Green Councillor for Eastville Lorraine Francis was recently featured in a Local Government Association (LGA) article about Black History Month which shared the voices and views of black councillors from different parties. You can read her contribution below – the full piece is here.
As a black woman, I am still excited about being elected as a Green councillor in May 2021, in an area of Bristol that has typically voted in a different way.
It is that time of the year when ‘featuring black people’ is upon us, as if black people only exist during the month of October!
In my workplace outside of the council, Black History Month is a secular event managed by people of colour.
For those of us who are committed to equalities and wiping out racism, every year I do experience some sadness at having to ‘celebrate’ this month instead of just being able to be part of the fabric of an inclusive society.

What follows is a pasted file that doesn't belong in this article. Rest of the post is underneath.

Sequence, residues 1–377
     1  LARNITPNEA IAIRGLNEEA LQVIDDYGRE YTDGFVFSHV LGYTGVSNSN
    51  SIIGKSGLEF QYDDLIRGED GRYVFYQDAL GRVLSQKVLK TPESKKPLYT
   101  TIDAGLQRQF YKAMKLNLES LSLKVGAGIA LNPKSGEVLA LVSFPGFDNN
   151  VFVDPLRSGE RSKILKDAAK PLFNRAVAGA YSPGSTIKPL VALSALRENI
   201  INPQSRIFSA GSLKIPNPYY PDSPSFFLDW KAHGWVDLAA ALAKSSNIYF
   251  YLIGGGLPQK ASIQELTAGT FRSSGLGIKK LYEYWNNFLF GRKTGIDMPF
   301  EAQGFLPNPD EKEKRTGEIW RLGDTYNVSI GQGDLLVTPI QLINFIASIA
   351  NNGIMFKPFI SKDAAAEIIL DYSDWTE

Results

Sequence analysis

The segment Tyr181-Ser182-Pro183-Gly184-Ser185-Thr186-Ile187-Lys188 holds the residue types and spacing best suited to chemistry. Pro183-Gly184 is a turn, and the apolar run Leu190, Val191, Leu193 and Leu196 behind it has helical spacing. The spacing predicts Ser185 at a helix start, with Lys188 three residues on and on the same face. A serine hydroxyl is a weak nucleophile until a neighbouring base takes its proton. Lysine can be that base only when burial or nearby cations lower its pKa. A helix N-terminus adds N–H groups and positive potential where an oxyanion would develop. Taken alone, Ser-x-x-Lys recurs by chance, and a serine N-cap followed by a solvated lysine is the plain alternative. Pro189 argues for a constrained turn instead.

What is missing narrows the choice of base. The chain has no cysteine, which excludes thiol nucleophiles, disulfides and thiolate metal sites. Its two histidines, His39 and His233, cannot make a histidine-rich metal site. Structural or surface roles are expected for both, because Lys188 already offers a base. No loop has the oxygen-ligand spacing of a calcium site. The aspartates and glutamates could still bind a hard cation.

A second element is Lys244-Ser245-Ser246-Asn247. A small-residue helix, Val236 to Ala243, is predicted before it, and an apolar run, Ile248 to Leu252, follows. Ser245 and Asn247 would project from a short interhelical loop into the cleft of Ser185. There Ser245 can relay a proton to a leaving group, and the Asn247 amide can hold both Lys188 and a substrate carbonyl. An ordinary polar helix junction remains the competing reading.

As a local councillor, I aim to practise what I preach, immersing myself into the culture of the area, being visible and ensuring that my residents are able to see me as a black woman who is proud, accessible, and inclusive.
Being a Green councillor is also vitally important to me as there is a false stereotype that people of colour are not outward looking and not interested in the environment – when most of our ancestors and parents came from countries where the land and environment was an important part of their everyday experience.
My mum often spoke about having to walk for miles to collect water and travelling to school without the benefit of public transport.
I care – we care – and as a black woman who is an elected councillor, I love the richness I can bring and share with all the residents within the ward where I sit.